by Keith Taylor
A few years ago Miles Harvey hit it big with his nonfiction book The Island of Lost Maps, which not only told a fascinating story about a thief who cut maps from rare old books housed in North America's best libraries, but also led Harvey's readers through the maze of dealers and collectors whose passions are inflamed and whose morals are compromised by their lust for acquisition. It was a fascinating even a spine-tingling story elegantly told in an evocative prose that never got in the way.
And the story clearly didn't end. While promoting that book, Harvey found himself in Florida, where someone took him out to Fort Caroline National Memorial, a place he'd never heard of. Fort Caroline memorializes an almost forgotten mid-sixteenth-century colony that was founded by French Protestants in Florida more than half a century before the Puritans got their foothold in Massachusetts. That colony was almost entirely destroyed by the Spanish, who didn't want any French influence in their New World and certainly didn't want any heretical Protestants exercising influence over the native populations. One of the few people who managed to survive the massacre was a young cartographer and painter, Jacques Le Moyne de Morgues.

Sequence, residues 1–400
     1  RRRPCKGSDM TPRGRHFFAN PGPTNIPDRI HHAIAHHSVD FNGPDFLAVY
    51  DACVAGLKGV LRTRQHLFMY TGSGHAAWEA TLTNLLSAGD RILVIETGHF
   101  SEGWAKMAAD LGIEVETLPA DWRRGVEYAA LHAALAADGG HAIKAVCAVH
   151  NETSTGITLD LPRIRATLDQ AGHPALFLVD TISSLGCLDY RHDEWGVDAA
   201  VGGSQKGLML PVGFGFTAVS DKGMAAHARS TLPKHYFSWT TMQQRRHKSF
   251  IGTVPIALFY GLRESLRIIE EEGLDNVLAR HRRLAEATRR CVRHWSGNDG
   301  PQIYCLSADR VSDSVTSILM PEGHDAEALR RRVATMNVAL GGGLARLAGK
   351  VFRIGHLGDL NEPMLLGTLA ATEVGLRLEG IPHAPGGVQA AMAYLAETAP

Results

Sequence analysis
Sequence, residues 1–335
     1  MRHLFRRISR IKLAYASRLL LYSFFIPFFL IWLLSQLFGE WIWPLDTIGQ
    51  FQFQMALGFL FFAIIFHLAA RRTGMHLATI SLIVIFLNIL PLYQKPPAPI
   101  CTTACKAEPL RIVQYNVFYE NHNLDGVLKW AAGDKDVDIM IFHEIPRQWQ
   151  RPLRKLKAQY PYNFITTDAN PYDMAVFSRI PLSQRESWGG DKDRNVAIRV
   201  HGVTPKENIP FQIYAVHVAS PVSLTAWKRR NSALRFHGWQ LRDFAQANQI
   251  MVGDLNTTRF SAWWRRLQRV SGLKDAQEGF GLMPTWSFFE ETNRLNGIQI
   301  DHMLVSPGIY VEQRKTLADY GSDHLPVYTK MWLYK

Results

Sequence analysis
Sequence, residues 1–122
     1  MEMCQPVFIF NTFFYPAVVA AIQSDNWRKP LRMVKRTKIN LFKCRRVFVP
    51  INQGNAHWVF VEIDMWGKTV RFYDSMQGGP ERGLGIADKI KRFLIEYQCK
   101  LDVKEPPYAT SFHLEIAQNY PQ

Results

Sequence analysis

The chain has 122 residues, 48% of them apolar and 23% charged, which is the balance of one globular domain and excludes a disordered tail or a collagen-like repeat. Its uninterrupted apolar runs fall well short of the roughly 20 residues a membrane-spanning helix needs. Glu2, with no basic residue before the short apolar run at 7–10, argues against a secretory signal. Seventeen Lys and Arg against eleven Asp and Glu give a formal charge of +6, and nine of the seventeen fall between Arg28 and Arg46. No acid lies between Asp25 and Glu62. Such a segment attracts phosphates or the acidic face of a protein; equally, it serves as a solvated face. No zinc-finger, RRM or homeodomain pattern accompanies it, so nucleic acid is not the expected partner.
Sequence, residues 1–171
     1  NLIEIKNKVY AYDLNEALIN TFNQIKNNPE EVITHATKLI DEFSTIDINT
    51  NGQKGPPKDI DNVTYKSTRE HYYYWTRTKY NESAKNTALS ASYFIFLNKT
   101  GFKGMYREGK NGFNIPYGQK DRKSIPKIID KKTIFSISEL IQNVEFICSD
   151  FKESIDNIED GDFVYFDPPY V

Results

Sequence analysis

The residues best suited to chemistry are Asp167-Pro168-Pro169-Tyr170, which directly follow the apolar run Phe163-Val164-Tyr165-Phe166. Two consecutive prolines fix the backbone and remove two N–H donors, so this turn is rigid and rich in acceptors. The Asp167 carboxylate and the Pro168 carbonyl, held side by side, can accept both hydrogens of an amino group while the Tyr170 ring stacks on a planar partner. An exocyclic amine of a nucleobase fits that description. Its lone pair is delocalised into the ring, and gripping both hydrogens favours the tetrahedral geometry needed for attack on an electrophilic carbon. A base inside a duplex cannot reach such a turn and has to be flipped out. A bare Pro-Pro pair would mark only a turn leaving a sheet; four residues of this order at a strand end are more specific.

Miles Harvey's new book, Painter in a Savage Land: The Strange Saga of the First European Artist in North America, attempts to rediscover this almost forgotten artist and to re-create his life and capture a sense of his contribution. As Harvey tells us, Le Moyne seemed to have had "a knack for survival." He not only escaped the Spanish attack on the French colony by running off into the Florida forest, but also managed to find his way back to Europe with a few other men in a small and leaking boat. They were starving by the time they washed up on the coast. He survived the brutal and bloody Wars of Religion in France, when most Protestant converts were either massacred or
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